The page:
Flashcards in Neurology: Peripheral Neuropathies Deck (47):
Describe Wallerian degeneration in its most basic sense.
When a peripheral nerve is cut, the distal end degenerates and is recycled by the immune system.
Describe the functions of small and large fiber peripheral nerves.
Small Fiber: poorly myelinated, pain and temp sensation, ANS signaling
Large Fiber: heavily myelinated, descriminiative touch, vibration, proprioception, REFLEXES
What are the #1 and #2 risks for polyneuropathies?
1. Diabetes Mellitus
Component that causes sensory or autonomic polyneuropathy from overuse of vitamin supplements.
Define: hypesthesia, hyperesthesia, dysesthesia, and paresthesia
Hypesthesia - decreased sensation
Hyperesthesia - increased sensation
Dysesthesia - unpleasant, abnormal sensation produced by normal stimulus
Paresthesia - perverted, abnormal sensation like burning, prickling, formication (crawling)
2 conditions that lead to cranial neuropathies.
1. Guillain Barre Syndrome
5 conditions that lead to ANS neuropathies.
1. Diabetes M.
2. Amyloid (insoluble fibrous aggregates of protein inside cells, usually neurons)
3. Guillain Barre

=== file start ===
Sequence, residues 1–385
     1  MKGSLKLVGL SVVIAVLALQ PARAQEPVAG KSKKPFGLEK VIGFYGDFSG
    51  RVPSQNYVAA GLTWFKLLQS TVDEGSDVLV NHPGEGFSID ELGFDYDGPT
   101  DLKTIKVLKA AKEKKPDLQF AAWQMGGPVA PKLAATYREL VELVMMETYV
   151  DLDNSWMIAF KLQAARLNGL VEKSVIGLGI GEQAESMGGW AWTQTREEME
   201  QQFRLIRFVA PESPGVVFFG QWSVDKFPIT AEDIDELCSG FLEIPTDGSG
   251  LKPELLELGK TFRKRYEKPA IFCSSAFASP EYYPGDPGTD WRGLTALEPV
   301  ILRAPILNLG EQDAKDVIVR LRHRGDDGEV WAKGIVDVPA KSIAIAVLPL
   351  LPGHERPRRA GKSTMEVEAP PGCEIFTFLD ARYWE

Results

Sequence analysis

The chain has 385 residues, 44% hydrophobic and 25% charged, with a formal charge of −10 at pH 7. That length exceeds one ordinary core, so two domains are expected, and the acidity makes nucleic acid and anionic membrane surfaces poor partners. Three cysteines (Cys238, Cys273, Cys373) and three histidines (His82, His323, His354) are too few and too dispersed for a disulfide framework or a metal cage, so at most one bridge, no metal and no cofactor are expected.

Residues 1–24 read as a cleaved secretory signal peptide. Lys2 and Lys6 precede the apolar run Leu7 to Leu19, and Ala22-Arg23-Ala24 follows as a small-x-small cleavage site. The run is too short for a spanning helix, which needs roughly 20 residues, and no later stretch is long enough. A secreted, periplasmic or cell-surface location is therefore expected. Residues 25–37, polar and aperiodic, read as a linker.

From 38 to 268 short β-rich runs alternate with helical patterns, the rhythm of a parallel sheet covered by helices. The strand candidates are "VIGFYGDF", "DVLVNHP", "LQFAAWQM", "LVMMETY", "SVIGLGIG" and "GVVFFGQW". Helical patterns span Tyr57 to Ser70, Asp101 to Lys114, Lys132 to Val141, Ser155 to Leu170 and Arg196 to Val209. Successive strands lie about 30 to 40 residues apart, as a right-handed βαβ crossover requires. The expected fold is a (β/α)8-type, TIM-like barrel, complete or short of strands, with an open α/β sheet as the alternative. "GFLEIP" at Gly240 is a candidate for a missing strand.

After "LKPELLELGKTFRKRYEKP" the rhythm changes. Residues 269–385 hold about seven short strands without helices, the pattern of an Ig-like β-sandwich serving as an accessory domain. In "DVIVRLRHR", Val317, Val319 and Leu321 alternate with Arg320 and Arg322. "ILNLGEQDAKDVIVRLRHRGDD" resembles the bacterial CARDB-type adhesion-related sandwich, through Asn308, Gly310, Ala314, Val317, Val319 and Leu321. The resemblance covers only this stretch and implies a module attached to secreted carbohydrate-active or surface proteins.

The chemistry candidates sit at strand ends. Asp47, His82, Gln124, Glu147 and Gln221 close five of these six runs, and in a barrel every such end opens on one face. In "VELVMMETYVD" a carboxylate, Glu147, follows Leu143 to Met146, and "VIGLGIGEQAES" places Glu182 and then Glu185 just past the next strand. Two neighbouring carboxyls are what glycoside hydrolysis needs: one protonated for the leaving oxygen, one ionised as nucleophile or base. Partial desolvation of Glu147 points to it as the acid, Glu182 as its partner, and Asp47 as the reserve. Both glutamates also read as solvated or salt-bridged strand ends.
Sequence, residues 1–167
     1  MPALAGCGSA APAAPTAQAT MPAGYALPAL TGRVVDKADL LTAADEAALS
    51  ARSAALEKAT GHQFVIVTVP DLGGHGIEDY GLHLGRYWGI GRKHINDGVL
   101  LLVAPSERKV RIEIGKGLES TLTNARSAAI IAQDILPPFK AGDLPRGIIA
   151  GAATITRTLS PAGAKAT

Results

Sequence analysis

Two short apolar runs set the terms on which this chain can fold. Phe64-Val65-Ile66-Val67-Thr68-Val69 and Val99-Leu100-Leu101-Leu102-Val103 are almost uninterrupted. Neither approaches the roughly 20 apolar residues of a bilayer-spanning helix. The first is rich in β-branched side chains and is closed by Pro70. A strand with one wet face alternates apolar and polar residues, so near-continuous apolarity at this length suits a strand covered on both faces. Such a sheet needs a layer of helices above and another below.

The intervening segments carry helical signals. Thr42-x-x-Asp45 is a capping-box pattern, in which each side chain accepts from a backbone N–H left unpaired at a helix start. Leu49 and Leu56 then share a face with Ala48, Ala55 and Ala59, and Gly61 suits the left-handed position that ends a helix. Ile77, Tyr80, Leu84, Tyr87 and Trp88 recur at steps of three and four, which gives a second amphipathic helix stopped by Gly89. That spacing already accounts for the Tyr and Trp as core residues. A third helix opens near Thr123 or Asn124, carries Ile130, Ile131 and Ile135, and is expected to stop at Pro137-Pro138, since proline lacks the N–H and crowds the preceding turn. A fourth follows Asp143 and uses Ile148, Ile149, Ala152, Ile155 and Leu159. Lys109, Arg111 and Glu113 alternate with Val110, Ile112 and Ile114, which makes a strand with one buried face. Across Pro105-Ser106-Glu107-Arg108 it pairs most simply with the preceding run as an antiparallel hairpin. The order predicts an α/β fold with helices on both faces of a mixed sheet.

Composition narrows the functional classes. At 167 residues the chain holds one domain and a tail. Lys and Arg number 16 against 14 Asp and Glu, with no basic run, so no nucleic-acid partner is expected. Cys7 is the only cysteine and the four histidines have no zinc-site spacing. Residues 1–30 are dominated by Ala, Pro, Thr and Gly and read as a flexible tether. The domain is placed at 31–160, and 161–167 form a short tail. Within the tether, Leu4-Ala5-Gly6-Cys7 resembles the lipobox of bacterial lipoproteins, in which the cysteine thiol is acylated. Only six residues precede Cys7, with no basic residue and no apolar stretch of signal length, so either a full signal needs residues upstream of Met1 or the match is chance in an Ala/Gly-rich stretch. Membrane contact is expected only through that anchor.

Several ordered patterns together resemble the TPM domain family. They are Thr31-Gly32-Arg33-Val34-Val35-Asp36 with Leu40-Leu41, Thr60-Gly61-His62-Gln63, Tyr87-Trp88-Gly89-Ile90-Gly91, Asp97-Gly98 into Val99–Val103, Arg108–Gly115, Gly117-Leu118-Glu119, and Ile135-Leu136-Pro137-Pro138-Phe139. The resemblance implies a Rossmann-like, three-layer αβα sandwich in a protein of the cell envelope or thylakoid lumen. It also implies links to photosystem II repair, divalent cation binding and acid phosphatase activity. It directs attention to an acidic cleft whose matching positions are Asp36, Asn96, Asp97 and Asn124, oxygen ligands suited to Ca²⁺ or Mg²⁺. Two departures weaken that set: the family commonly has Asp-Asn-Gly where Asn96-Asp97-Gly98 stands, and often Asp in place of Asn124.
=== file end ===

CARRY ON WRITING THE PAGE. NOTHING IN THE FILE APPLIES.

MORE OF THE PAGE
5. Thallium Poison (rare)
6 conditions that lead to mononeuropathy multiplex.
1. Diabetes M
2. Vasculitis (from RA or polyarteritis nodosa)
4. Plasma Cell Dyscrasia (plasma cell cancers)
Describe Guillain Barre Syndrome
Ascending demyelinating motor polyneuropathy often caused by acute inflammation.
Etiology of Guillain Barre
Unknown, leading hypothesis states that the immune system reacts to a cancer or infecitous agents that resembles the bodies nerves and an autoreaction occurs.
Why does Guillain Barre syndrome that results from a Campylobacter jejuni infection take longer to recover than most other forms?
This form of Guillain Barre attacks the axons, not the myelin
What distinguishes Guillain Barre from:
in the DDx?
1. Polio: bug has been eliminated
2. Myelitis: hyper-reflexia, GB has arefelxia
3. Botulism: descending motor, GB is ascending
Describe two treatments for Guillain Barre.